If you’re looking to own a tortoise that isn’t large, then the Egyptian Tortoise might just be the right pet for you. These guys are incredibly tiny (only 3 to 5 inches long!) and super adorable. Their small size means they take up way less space, which can be great for those living in apartments or condos.
Want to learn more about the Egyptian Tortoise to determine if it’s the right pet for you? Keep reading, then, because we’ve got a lot of information to give you. From how to care for these tortoises to how to set up their habitats, you’ll find what you need to know below!
|Suitable for:||Experienced tortoise owners|
The Egyptian Tortoise is the smallest tortoise species in the Northern Hemisphere. It is also critically endangered due to the loss of its natural habitat. Hailing from Egypt and Libya, these little guys are quite popular and relatively easy to care for (when adults, at least).
Egyptian Tortoise Characteristics
How Much Do These Tortoises Cost?
The Egyptian Tortoise is definitely on the pricier side! These animals cost, on average, about $1,000 (though prices can go higher). Add onto that the cost of your new pet’s habitat and gear, and these little guys are an investment. But considering they might outlive you by a bit, it’s a pretty good investment.
Luckily, you shouldn’t have too much trouble finding one of these tortoises. Despite their critically endangered status (or perhaps because of it), breeders are eager to produce as many of these reptiles as they’re able to. Simply searching online for an Egyptian Tortoise should bring up several results for where to purchase one of these adorable animals.
Egyptian Tortoise Behavior
These animals are mild and non-aggressive for the most part, though they can certainly become snappish or cranky if they’re mishandled. They also don’t enjoy being picked up or handled often, so too much of that can make them grumpy. But if handled properly, you’ll find the Egyptian Tortoise to be a delightful companion.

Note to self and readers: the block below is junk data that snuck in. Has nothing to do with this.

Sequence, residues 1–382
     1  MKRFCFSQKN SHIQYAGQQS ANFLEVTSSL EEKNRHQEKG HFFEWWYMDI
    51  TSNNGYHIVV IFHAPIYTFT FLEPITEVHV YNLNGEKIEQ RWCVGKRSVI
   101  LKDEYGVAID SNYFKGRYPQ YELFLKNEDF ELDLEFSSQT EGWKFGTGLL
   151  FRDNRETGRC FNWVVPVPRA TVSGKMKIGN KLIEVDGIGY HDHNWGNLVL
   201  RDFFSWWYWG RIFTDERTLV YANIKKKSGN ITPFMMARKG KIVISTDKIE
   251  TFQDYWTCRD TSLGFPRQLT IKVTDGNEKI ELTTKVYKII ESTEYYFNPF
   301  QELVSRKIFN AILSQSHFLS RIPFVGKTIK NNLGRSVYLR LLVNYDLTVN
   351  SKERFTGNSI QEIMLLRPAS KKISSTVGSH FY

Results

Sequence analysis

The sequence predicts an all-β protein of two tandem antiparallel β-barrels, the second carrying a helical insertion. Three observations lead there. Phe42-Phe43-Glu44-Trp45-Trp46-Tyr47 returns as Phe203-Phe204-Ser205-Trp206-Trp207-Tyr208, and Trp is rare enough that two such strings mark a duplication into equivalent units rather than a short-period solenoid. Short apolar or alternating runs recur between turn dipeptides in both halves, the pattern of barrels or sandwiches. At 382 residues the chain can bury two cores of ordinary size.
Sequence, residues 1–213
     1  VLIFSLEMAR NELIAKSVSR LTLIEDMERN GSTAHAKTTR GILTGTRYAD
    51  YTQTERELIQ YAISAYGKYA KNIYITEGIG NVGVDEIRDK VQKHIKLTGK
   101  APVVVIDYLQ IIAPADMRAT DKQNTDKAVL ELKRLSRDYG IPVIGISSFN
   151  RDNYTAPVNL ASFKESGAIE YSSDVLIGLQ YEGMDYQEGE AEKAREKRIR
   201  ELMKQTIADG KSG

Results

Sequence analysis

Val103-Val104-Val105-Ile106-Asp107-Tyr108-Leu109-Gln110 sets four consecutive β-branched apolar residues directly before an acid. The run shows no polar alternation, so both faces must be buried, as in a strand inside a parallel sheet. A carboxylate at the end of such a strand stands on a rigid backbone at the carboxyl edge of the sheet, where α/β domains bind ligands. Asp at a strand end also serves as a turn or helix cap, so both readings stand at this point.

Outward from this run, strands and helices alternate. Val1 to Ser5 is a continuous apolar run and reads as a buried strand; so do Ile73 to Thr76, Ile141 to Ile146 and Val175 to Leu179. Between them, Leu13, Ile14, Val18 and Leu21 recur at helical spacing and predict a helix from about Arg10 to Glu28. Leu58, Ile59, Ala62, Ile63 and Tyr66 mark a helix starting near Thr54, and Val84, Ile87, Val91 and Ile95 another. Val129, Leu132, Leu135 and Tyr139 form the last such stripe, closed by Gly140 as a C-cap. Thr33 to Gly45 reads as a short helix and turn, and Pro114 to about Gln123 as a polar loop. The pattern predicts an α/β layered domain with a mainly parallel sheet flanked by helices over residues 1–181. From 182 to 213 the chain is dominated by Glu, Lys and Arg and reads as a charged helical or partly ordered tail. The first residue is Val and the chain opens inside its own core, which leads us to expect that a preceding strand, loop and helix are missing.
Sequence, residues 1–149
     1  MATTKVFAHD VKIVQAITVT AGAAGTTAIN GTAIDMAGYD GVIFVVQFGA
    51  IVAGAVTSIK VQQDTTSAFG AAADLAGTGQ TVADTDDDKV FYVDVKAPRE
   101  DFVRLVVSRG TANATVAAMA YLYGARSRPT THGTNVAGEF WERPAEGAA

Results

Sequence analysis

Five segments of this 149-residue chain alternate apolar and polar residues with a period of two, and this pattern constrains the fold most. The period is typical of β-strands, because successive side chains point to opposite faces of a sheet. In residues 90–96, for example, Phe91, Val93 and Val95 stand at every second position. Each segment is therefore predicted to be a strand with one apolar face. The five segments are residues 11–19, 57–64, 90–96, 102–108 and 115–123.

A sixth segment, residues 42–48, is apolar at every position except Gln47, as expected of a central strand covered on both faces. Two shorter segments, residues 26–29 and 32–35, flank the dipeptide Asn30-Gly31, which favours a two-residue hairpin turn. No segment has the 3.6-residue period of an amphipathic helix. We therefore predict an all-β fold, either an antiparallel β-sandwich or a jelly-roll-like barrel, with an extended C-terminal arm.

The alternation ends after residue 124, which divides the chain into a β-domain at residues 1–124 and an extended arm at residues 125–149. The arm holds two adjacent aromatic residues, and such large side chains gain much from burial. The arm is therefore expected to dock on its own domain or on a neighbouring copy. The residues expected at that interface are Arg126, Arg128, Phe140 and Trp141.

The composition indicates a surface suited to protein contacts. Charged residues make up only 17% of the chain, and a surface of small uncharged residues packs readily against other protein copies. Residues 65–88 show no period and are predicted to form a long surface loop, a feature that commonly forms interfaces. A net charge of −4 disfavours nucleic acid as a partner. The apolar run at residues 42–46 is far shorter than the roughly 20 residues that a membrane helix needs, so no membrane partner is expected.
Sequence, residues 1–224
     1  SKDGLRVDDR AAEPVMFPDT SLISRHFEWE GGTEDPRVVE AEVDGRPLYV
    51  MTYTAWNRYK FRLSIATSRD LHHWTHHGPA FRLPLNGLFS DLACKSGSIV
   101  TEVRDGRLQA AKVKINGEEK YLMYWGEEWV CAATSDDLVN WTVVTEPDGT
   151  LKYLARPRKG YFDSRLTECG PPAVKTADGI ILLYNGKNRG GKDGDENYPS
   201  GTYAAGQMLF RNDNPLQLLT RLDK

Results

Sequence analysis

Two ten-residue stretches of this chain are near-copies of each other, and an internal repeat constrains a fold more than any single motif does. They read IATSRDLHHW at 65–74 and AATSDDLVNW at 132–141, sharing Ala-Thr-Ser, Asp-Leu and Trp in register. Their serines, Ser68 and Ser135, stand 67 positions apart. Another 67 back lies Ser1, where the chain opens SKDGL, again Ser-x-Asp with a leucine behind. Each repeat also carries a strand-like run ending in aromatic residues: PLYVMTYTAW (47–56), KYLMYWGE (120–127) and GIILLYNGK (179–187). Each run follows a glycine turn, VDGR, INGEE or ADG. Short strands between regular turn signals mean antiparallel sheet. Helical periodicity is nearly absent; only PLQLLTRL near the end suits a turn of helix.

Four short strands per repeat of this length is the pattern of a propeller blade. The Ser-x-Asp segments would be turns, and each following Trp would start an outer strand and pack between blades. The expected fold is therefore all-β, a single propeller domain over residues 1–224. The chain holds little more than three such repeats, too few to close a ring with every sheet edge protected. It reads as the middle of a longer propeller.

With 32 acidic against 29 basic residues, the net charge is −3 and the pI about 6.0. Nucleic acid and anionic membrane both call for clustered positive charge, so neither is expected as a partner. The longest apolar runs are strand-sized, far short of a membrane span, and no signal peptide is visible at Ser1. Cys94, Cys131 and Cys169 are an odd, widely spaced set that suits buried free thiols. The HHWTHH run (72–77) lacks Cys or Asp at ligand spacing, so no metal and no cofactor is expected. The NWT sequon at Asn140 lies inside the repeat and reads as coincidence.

You’ll find that these tortoises are more active at dusk and dawn. The temperature outside can also influence their activity levels; if it’s too hot, they’ll be less active. But most of the time, dusk and dawn are when you find these little guys foraging and exploring their surroundings!
Do These Tortoises Make Good Pets?
The Egyptian Tortoise can make an excellent pet for families, first-time tortoise owners, and experienced tortoise lovers. Their temperament makes them suitable for most people (though children should always be supervised around these little guys). Kept in the right environment and handled carefully, this tortoise can make an inquisitive and fun companion. However, you will need to check laws in your area to ascertain if owning one where you live is legal.
Egyptian Tortoise Tank Mates
When it comes to other animals in your Egyptian Tortoise’s habitat, you’ll find that they can be fairly tolerant—at least as long as other animals are also tolerant of them. So, you shouldn’t have aggression issues or violent behavior from this tortoise. However, there is an exception to this; having more than one male Egyptian Tortoise in the tank, particularly if there are also female tortoises around, can lead to competition and aggression.
The Egyptian Tortoise may also not do well with other tortoise species. There might be some aggression there, plus the possibility of the different species breeding.
Ideally, if you want multiple Egyptian Tortoises, you’ll want to have a single male with a couple of females (though male Egyptian Tortoises might prove a bit amorous with their female counterparts, so watch for that).
Care Sheet & Habitat Setup:
Of course, as a tortoise, your Egyptian Tortoise will need a habitat that meets very specific requirements, including temperature, substrate, and tank size. You’ll also need to know how to properly feed your pet and any health conditions that might arise. Everything you need to know, you’ll find below!
The Egyptian Tortoise originally comes from a desert habitat, so these guys are used to spending hours in the sun. That means they’d be soaking up tons of UVB rays in their normal habitat, so that’s what you’ll need to replicate in your tortoise’s environment. Luckily, you can do just that with a 10% UVB bulb in your tortoise’s enclosure. These types of bulbs are specifically designed for reptiles that come from the desert. Just ensure you place the bulb high enough in the environment that it won’t burn your pet.
You’ll also need to set a day/night cycle for your tortoise, as these reptiles do best with having 12 hours of darkness and 12 hours of light. You can likely find a bulb on a timer, or you can simply start dimming a bulb as night approaches before ultimately turning it off.
Egyptian Tortoises are tiny, so they don’t need a ton of space. However, any enclosure needs to be at least 2’ x 2’ x 2’ (though feel free to make it larger if you have the space!). There are many options when it comes to an enclosure—one made of wood would retain heat better, while a plastic one would give your pet some more privacy, and a glass enclosure will allow you to see your tortoise whenever you want. The choice is up to you, though you should read up on the pros and cons of each.